Global markets surge as China trade figures bounce back

Global markets have reacted positively to stronger-than-expected trade data from China showing that the nation's exports last month had returned to growth for the first time in nine months.

Chinese exports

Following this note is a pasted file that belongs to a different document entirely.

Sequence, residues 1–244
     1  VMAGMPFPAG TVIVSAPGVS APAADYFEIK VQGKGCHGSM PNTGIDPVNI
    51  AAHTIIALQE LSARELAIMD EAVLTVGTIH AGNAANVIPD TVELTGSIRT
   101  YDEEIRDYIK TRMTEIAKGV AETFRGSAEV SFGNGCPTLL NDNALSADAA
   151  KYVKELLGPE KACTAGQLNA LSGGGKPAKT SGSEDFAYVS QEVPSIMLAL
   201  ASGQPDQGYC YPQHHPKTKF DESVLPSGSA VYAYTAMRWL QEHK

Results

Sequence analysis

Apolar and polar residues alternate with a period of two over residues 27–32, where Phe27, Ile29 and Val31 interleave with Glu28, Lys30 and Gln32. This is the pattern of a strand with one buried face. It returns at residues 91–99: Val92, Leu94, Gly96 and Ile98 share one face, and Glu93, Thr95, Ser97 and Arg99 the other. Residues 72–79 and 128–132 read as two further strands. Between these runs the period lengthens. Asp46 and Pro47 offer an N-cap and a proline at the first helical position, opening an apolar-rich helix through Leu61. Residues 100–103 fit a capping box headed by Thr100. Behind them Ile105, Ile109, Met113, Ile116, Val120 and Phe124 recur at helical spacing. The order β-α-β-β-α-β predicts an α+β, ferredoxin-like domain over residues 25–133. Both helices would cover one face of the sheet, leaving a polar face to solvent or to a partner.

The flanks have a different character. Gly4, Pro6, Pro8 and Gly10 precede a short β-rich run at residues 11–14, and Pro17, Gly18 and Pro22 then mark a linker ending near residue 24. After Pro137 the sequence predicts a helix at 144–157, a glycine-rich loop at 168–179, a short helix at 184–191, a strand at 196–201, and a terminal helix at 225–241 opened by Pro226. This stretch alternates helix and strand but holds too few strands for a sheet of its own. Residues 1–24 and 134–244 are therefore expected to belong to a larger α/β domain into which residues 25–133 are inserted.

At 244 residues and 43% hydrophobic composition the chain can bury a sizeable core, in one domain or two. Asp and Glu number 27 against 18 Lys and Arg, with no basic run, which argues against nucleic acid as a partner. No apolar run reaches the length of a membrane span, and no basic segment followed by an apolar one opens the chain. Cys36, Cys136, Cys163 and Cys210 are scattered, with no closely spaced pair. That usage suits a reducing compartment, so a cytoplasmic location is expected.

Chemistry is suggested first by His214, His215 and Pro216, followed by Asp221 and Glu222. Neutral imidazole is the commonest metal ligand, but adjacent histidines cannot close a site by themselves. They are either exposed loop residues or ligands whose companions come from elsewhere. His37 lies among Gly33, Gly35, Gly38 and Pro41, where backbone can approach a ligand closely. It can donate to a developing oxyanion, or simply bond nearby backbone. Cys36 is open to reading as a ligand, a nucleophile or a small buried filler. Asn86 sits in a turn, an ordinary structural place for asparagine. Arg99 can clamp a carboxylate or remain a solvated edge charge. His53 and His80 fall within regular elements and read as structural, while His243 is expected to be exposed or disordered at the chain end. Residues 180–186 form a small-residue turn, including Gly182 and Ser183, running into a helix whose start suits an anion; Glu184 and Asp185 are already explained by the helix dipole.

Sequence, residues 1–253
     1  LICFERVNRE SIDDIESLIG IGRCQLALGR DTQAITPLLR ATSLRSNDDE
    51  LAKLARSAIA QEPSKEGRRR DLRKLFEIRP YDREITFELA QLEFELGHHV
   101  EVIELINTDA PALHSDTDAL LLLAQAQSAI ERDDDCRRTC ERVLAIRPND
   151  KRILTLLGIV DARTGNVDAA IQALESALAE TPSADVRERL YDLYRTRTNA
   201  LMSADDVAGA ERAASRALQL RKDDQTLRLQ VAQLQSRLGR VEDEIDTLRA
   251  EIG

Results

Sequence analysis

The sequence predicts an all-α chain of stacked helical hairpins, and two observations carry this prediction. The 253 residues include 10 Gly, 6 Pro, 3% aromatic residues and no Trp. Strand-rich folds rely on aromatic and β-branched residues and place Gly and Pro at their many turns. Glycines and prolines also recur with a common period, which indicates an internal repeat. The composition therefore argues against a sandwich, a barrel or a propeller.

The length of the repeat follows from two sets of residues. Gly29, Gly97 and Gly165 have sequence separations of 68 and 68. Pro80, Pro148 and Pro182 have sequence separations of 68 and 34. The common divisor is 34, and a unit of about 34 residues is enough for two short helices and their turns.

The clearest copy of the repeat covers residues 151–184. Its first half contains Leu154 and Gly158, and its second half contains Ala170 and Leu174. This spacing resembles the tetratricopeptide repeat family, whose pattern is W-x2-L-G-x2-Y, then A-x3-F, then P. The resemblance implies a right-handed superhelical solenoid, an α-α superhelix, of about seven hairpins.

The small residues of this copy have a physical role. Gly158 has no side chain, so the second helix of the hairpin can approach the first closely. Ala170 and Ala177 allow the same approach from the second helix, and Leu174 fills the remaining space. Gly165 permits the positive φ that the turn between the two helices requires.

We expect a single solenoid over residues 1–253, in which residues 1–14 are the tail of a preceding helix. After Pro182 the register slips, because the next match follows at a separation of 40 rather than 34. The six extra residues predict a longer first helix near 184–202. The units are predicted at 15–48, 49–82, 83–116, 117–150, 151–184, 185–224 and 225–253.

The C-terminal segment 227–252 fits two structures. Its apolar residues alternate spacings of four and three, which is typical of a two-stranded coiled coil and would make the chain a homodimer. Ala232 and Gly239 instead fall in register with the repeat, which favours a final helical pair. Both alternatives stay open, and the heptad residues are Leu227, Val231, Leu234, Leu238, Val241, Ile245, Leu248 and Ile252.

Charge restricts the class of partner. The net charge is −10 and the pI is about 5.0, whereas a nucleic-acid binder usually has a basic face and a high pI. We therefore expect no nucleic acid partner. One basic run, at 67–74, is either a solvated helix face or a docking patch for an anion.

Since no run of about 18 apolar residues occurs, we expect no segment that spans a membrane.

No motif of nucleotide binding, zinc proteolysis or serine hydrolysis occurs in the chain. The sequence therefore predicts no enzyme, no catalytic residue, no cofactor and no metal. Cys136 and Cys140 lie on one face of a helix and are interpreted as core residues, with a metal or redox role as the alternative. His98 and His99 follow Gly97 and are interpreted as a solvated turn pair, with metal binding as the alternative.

In yuan terms, Beijing said exports were 18.7 per cent higher than a low point a year earlier – news that cheered markets worldwide and pushed up commodity prices, particularly industrial metals such as zinc and copper.Stock markets were further boosted by reports that Russia and Saudi Arabia had agreed to limit oil output ahead of a producers' meeting in Doha on Sunday.The Chinese trade data for March also showed a year-on-year decline in imports of 1.7 per cent, resulting in a trade surplus of 194.6bn yuan (£21 billion). On Friday, Beijing will publish GDP growth figures for the first quarter of the year, which are expected to show a 6.8 per cent rise.Analysts said that, after a year when the Chinese slowdown had dampened expectations of global growth, the trade figures hinted that the situation might not be as grim as many had expected."The trade numbers are very, very strong. On the ground, the fundamentals appear to be consolidating. On the demand side, the property market has certainly been very supportive," said Xiao Fu, head of commodity market strategy at Bank of China International in London.Robin Brant, BBC News reporter in Shanghai, commented, "Almost everything is up, so on the face of it good news for China. But when you look at the figures for this time last year, there really was only one way to go."If you marry the export trade numbers – way past forecasts – with the increase in demand for some raw goods like crude oil and iron ore, you see an economy that appears to be on the rebound."China Business News reported, "The report created positive sentiment among traders and raised hopes for further improvement in the world's second-largest economy. Analysts believe that trade figures are encouraging but monitoring of economic indicators in the coming months is needed to ascertain if the economy is back on track."Narrowing import decline suggests that domestic demand in the country is picking up pace, which would eventually lead to recovery in the economy."The Financial Times said, "Global stocks are challenging their highs for the year as better than expected trade data from China ease growth fears, sparking a surge in risk appetite that is reducing demand for the yuan, Treasuries and gold."The bullish mood is further underpinned by oil trading near its most expensive in four months – though crude is seeing a touch of profit-taking as the dollar strengthens."

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